Reclaiming the American Dream
I never studied American history at school. I suspect this may have been in part due to the bias of the UK education system towards historical events where Britain came out ‘on top’, whatever that means. But I digress. Anyway, from what I do know, America is a country that was built by immigrants and entrepreneurs. Immigrants it seems have an outsized propensity to become entrepreneurs. This is no doubt due to the fact that there is something innately entrepreneurial about someone that chooses to leave their home to start afresh in a new country. And so it was in America, immigrants came, swiftly became Americans and with this entrepreneurial spirit ensured rapid economic development and significant individual wealth creation. This is the massively condensed version of course. But the ethos of hard work accompanied by a lack of social constructs impeding socio-economic mobility is what became known as the American Dream.
While not unanimous, the general consensus is that social-economic mobility has greatly diminished in the United States over recent decades.This has happened as income, and to an even greater extent wealth, inequality have significantly increased (see chart) [Credit Suisse p.29].
Most studies show that there is a causal relationship behind this correlation with deepening inequality a key driver of decreasing mobility. None of this is particularly surprising. Despite this though, 57% of Americans disagree that “Success in life is determined by forces outside our control” [Pew Research Center] i.e. the financial situation you’re born into doesn’t matter. The only country out of the 44 in the study where a higher percentage thought similarly was Venezuela. In my view the reason for this is Americans’ belief in the American Dream.
The problem is that the American Dream (or socio-economic mobility) is most true when a society is more equal (see chart). As an aside, this chart makes for even sadder reading for me personally as the UK is the one country included with even worse socio-economic mobility than the US. That doesn’t surprise me given the bizarre yet enduring obsession with class that somehow persists in the UK. Sadly though, over the past few decades it seems the US has drifted in a dream like state towards a not too dissimilar situation. Not to becoming a society whereby your chances of success are determined by class but rather by the financial situation you are born into. An only marginally more preferable outcome.
Before I go any further I want to call out the apparent paradox here. The American Dream depends on socio-economic mobility while rewarding those that achieve it with significant wealth. However, the more unequally this wealth is distributed the more it undermines the reality of that dream.
There are many reasons to think that significant inequality is an unhealthy phenomenon. To name a few, the impact it has on: our innate connection as human beings, distributive justice,
and society’s ability to function peacefully. Now I know not everyone will agree with these reasons. Still, all Americans however left or right on the political spectrum they fall should, I believe, want socio-economic mobility if for no other reason than the fact it is the absolute crux of the American Dream.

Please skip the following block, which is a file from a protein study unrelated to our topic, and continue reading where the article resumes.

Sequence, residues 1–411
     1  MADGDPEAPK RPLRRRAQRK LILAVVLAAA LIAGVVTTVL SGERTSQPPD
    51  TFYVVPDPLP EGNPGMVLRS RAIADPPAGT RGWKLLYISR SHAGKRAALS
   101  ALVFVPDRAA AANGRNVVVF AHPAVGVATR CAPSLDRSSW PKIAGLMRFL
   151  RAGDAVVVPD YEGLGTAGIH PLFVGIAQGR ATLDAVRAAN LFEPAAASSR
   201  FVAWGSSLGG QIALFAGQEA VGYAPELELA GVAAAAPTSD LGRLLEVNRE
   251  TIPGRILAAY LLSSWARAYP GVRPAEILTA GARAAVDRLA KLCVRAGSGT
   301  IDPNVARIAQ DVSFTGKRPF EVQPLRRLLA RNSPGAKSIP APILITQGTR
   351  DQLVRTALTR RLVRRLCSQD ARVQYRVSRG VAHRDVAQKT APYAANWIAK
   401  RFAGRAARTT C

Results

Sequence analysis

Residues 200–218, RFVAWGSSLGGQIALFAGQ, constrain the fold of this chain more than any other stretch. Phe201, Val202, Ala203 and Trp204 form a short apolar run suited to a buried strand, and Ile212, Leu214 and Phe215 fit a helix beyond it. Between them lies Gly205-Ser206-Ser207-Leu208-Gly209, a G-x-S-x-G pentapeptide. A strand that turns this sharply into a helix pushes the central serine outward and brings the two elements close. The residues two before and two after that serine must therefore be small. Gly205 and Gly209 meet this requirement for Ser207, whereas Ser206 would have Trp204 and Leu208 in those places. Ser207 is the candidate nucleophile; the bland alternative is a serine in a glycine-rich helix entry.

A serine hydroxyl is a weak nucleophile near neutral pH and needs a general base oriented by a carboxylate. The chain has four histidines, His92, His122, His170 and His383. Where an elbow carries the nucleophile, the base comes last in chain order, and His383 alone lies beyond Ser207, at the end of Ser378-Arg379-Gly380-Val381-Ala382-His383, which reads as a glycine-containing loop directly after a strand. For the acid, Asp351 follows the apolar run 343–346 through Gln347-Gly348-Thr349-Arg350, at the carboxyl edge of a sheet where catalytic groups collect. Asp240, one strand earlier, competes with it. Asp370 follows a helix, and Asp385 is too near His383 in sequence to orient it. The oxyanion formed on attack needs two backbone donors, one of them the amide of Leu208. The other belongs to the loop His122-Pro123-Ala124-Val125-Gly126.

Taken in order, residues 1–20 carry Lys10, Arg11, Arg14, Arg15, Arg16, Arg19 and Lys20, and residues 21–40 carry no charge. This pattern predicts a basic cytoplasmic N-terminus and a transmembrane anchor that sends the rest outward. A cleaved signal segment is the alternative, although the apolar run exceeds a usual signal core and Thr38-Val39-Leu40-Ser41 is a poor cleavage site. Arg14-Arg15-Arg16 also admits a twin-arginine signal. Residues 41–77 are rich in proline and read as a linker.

So if inequality has such a negative impact on socio-economic mobility where does the US actually stack up in this respect? According to Pew Research and the OECD it has the 2nd worst Gini coefficient after taxes and transfers of all developed economies, only behind Chile. One example of this in practice is of Warren Buffet who annually chastises the government for the fact that he pays a lower effective rate of tax than his secretary. He is part of a growing minority of ultra high net worth individuals speaking out against this phenomenon. But it really should sound alarm bells for everyone.
The concept of the American Dream is a great one. It is part of what made this country one of the most advanced and wealthy in the world. However, it is crucial that we remember that a critical component of it is providing all Americans with equality of opportunity regardless of their religion, colour, gender or any other factor, including the financial condition they happened to be born into. In order to revive the reality of this dream it is no longer possible to ignore the detrimental impact that inequality, and worse still increasing inequality, have on it. While a majority of people still believe, contrary to the data, that regardless of external factors, pure hard work is all it takes to prosper in this country, this will hinder attempts to tackle roadblocks to socio-economic mobility and with it efforts to revitalise the American Dream.
The American Dream, at least in name, is one of the few concepts that both political parties actually agree on. This should provide the foundation from which to hold an honest conversation regarding the issues that are slowly undermining it, one of which has to be rising inequality. The American Dream is what this country was built on. While there is certainly still plenty of opportunity, it is increasingly available only to those that have won the lottery of birth. America’s future will look far brighter if the invitation to dream is extended to all of its inhabitants, irrespective of their background.
Originally published at www.nickcrosthwaite.com on May 11, 2015.